Noting Clinton’s involvement on issues ranging from the widening of Route 20 in the Town of Hamburg to landing funding for the Buffalo Niagara Medical Campus, Hochul said: “She knows how to deliver.”
Given that Clinton left the Senate in early 2009, though, “perhaps people need to be reminded,” Hochul added.
Clinton did plenty of reminding in her speech at the Apollo, recalling her work to rebuild New York after the terrorist attacks of Sept. 11, 2011, and to pass legislation giving health benefits to those with long-lasting medical problems from the aftermath of the devastation at ground zero.
She also stressed her longtime relationship with Harlem, where her husband, Bill Clinton, established his office after leaving the presidency in 2001.
“We’re going to stand up for the values that make New York and make America great,” Clinton said. “Don’t ever forget. This is the greatest country on earth, and we’re going to fight for it.”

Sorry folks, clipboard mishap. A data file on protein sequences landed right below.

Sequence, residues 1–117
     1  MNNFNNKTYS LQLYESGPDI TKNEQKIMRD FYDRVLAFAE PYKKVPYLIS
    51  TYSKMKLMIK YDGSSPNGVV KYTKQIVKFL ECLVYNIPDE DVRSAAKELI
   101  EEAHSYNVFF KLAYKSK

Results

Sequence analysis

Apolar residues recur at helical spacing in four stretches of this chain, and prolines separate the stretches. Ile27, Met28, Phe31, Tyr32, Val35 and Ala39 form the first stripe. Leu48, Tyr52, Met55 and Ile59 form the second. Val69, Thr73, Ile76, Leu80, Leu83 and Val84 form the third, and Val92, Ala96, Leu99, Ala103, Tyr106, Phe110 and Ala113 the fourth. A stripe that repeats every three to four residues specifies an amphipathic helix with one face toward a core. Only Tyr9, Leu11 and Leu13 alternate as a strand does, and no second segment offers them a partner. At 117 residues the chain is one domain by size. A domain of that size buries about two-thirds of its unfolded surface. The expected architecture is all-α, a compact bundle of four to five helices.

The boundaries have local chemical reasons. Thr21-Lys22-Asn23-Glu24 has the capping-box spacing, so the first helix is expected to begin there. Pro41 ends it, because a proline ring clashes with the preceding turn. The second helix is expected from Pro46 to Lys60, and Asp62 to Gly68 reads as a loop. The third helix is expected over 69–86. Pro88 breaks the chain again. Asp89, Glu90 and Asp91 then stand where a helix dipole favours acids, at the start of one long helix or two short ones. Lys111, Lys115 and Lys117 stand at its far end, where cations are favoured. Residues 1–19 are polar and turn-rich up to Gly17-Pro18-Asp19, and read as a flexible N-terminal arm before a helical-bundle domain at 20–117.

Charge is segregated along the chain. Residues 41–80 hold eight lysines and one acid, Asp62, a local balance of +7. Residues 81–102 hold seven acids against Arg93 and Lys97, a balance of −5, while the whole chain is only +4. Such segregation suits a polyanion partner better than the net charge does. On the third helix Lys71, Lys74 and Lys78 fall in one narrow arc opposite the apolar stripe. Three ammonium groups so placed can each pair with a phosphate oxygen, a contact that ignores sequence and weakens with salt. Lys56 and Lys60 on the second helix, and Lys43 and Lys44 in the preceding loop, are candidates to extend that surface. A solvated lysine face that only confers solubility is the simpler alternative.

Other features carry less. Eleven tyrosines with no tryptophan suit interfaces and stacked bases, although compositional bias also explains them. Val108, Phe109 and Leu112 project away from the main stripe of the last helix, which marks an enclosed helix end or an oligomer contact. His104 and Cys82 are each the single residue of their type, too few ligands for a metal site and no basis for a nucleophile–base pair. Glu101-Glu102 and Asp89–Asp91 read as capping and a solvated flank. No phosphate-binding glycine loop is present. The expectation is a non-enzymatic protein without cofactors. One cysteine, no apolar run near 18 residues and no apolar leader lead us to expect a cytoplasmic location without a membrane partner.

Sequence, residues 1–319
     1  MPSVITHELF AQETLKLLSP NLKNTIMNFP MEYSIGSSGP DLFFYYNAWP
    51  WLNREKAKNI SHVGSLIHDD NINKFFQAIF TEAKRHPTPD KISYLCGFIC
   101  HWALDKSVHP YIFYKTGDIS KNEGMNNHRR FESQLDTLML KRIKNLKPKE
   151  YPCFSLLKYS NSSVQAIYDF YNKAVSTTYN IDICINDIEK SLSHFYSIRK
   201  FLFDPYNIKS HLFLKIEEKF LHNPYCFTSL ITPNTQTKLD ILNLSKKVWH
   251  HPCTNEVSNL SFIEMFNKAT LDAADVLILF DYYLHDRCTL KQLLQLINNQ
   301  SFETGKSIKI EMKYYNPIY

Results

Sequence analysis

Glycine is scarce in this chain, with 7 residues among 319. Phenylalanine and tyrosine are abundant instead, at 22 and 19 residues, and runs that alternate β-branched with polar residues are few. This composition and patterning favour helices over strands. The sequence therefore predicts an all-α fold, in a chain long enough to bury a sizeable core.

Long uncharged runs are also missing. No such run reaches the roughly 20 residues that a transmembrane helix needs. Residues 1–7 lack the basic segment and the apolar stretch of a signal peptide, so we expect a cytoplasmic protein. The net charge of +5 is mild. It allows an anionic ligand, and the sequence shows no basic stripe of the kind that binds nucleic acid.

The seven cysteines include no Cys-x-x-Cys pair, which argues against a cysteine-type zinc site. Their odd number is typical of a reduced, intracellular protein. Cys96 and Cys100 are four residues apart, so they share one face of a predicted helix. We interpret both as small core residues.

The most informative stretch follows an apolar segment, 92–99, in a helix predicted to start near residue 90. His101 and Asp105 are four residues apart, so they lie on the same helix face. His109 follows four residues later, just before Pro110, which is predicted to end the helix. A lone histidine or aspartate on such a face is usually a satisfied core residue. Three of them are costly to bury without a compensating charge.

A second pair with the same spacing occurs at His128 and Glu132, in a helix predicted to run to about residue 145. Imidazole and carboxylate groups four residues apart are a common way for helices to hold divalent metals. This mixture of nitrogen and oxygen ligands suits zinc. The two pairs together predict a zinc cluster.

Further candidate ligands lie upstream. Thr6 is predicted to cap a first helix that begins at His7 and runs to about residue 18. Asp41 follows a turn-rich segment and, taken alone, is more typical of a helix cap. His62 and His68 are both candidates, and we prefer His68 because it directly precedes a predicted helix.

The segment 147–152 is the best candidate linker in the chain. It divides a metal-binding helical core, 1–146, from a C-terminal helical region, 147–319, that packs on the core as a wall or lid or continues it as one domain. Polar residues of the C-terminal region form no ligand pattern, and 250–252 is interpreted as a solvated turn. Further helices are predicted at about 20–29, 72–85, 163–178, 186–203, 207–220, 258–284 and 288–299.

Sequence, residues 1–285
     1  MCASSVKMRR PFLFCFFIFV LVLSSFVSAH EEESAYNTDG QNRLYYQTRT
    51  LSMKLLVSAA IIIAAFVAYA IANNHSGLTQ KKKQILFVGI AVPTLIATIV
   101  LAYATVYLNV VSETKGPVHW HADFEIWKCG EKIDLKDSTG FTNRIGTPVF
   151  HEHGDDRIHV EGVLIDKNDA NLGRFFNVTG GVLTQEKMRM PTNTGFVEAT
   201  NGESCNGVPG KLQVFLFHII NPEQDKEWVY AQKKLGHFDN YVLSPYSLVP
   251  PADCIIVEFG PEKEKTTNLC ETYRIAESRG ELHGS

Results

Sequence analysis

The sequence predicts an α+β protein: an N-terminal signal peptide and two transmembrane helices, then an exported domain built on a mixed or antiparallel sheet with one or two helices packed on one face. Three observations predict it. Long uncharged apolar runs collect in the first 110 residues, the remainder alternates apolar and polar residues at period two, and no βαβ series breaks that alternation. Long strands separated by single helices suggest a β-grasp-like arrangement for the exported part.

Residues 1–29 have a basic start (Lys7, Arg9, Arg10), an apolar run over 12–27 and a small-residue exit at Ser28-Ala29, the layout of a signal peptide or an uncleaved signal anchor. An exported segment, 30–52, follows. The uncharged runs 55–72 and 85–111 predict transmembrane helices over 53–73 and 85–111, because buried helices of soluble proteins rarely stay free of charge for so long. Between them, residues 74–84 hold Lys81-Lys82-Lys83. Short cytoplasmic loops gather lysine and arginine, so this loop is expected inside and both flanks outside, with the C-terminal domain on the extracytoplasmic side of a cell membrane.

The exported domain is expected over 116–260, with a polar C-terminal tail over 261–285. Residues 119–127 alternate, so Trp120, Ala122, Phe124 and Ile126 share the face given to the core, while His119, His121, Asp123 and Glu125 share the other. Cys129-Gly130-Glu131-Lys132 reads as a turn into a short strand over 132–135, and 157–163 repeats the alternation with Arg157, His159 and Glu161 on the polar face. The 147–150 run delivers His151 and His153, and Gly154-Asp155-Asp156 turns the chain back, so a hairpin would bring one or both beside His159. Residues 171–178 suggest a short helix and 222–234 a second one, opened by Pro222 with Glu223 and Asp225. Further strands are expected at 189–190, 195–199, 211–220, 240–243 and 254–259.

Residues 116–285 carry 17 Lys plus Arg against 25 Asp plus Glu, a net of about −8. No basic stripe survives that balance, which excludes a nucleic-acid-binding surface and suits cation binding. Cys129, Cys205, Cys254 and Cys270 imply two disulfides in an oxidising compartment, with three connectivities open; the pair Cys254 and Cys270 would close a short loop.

Several voters in the diverse but older crowd cited Clinton’s experience – as first lady, senator and secretary of state – as the reason they are voting for her.
Kiara Balliram, 29, of Ramsey, N.J., said she has admired Clinton since she served as first lady during her husband’s two terms as president.
“People are calling her the establishment candidate, but I don’t see why that’s a bad thing,” Balliram said. “She has experience and can work across the aisle. I don’t think Bernie Sanders can do that.”
Several voters criticized Sanders, with his emphasis on income inquality, for focusing so much on reforming Wall Street and for proposing difficult-to-achieve goals such as free college tuition.
“He is a very good man, but what he is proposing is not reality,” said the Rev. Biemeni do Manon, 63, of Brooklyn. “He’s just talking about Wall Street, Wall Street, Wall Street. Hillary is talking about every issue and has a plan for every issue.”